Andy Webb’s article is nonetheless highly recommended.
4 thoughts on “Divorce in the Case of Abuse”
[…] Divorce in the Case of Abuse – Wheat and Chaff on Is the Gospel Enough for All Sin? […]
This teaching by Matthew Powell is dangerous. To see why, read this post by Ps Jeff Crippen:
Yes, by all means, readers, go read that thread, and judge for yourselves who is being fair to whom.
“I believe the reason Matt Powell is critical of ACFJ is because you have helped open the eyes either of his wife or the wife (wives) of his friend(s) or relative(s). I do not know him/have special knowledge of the situation. It just stands to reason.
No offense to ACFJ, but as much as I would like you to be universally well known, I think your audience is fairly limited to victims and their friends/loved ones who found you via Internet search (or subsequent word of mouth), i. e. Those looking for real help/answers from Christians who actually understand abuse – people you are helping immensely/validating/liberating. Conversely, your critics are abusers themselves or their allies whose victims found you. The fact that he is vehemently criticizing you tells me you have helped open the eyes of someone he knows and he is trying to keep a lid on it/trying to obstruct Christian victims from finding the freedom/validation you offer. i.e. He is actively trying to keep victims/targets in the fog.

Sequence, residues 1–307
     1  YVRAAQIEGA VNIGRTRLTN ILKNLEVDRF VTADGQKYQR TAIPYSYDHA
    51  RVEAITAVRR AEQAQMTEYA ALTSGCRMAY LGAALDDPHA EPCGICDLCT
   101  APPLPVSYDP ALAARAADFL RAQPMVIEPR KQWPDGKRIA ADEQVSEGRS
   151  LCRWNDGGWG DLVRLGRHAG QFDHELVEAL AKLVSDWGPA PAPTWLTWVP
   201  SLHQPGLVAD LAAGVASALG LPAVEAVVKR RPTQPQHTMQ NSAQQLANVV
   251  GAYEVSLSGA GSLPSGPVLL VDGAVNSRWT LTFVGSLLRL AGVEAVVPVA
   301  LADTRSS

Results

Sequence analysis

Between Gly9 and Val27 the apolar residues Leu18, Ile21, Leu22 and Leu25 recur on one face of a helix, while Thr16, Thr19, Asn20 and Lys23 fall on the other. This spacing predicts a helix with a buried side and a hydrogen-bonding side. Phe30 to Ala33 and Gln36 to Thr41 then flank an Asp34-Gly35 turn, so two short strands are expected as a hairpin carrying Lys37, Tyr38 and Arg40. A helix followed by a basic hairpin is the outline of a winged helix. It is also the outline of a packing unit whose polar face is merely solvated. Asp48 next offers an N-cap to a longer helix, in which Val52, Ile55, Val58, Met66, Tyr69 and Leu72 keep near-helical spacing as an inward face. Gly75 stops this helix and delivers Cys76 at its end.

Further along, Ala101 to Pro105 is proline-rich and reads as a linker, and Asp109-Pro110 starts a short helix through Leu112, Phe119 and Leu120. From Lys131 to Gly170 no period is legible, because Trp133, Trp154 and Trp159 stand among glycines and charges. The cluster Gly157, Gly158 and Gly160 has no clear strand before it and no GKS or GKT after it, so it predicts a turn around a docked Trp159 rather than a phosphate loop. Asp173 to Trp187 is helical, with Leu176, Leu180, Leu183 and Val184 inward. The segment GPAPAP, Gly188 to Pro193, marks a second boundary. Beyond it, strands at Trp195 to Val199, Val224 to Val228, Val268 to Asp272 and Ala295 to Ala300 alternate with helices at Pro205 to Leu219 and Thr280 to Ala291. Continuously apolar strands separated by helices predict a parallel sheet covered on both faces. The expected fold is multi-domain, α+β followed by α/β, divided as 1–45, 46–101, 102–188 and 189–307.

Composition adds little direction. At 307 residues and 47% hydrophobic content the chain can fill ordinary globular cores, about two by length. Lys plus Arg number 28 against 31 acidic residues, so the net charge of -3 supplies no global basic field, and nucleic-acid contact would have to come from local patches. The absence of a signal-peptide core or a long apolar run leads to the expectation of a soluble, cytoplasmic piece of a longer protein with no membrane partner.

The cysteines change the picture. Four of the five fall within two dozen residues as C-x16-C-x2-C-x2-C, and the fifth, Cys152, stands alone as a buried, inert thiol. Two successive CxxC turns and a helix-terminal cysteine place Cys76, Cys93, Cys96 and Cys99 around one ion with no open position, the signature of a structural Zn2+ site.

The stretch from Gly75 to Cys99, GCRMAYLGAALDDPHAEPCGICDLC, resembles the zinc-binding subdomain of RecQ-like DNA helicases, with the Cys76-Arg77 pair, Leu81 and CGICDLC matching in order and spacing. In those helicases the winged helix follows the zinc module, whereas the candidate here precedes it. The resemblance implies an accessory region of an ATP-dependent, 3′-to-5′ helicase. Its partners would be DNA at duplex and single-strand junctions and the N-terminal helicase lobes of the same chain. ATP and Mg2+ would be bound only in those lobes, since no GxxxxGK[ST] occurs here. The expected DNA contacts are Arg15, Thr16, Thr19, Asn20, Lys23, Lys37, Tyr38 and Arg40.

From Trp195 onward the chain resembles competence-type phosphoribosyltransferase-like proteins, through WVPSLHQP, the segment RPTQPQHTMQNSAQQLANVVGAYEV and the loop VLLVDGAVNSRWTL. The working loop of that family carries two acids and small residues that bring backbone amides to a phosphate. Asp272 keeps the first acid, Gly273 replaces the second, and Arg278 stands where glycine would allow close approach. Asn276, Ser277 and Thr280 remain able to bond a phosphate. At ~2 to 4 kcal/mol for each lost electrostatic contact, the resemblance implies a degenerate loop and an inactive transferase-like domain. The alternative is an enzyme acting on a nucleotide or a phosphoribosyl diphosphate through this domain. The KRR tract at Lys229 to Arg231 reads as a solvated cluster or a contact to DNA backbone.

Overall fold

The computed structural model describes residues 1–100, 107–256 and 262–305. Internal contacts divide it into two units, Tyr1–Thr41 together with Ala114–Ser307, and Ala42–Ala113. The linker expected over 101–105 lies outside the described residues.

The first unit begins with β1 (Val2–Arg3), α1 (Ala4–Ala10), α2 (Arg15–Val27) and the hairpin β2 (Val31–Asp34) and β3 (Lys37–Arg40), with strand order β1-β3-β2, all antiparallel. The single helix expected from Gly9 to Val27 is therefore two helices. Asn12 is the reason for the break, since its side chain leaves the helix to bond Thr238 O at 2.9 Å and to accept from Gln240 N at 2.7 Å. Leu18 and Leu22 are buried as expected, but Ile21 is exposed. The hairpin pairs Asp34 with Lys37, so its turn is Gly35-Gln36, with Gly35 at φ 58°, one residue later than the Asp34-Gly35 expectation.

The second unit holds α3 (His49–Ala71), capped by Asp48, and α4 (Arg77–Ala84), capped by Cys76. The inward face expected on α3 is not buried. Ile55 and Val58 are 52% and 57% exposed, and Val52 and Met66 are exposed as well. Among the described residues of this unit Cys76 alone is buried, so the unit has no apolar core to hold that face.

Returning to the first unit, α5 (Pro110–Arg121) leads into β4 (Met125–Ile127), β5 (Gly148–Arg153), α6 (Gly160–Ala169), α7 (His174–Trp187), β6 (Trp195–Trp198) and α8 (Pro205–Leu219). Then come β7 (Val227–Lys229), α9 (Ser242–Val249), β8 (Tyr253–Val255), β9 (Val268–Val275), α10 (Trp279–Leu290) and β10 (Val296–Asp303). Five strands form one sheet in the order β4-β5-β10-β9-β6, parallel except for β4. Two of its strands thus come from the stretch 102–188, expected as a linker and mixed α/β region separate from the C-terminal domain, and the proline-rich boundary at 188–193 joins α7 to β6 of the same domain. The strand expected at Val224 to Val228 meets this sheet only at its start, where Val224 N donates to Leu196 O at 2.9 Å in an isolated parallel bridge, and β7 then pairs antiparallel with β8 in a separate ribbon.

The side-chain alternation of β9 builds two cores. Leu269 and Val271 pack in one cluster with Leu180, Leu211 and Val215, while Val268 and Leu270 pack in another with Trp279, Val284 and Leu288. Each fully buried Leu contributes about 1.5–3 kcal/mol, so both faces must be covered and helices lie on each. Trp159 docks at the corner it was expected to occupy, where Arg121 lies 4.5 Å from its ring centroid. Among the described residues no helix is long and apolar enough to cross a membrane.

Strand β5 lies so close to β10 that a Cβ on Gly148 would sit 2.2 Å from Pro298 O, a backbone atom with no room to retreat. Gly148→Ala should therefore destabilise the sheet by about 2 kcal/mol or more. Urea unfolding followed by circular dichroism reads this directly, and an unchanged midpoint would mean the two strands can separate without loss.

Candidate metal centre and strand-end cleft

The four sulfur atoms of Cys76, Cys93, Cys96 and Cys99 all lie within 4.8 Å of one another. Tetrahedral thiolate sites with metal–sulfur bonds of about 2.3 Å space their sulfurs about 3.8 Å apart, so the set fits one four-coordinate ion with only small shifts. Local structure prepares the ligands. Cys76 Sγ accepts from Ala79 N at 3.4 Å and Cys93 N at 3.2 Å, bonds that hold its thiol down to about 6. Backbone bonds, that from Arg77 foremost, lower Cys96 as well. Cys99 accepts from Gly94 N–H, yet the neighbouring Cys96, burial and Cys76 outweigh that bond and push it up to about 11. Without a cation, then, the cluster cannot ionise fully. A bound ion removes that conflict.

If he didn’t know someone benefiting from your site, why would he know you at all?”
Barbara Roberts replies: “Yes, Sister. I think your speculation is very likely correct.”
This one is particularly rich, Barbara, a comment I see you approve of. Would you like to be in touch with my wife, my mother, or any number of women from my congregation, to see whether your baseless accusations are correct or not?
Do you know what the penalty for slander in the Scriptures are? Are you familiar with the 9th commandment? Why do you think I or anyone should entertain anything you have to say, when this is the sort of thing you speculate about, about anyone who disagrees with you? You just speculated that the reason I disagree with you is that I am an abuser or an abuse enabler, an accusation that was made several times on that thread. I’m going to leave your comments here so that people can see what your teaching actually produces.
Do women falsely accuse of abuse? You just did, as did your commentariat, and I haven’t even met them. So good job refuting your own thesis.
The fact that you accuse anyone who disagrees with you of being an abuser or of being the friend of an abuser indicates pretty well the spirit of your outfit.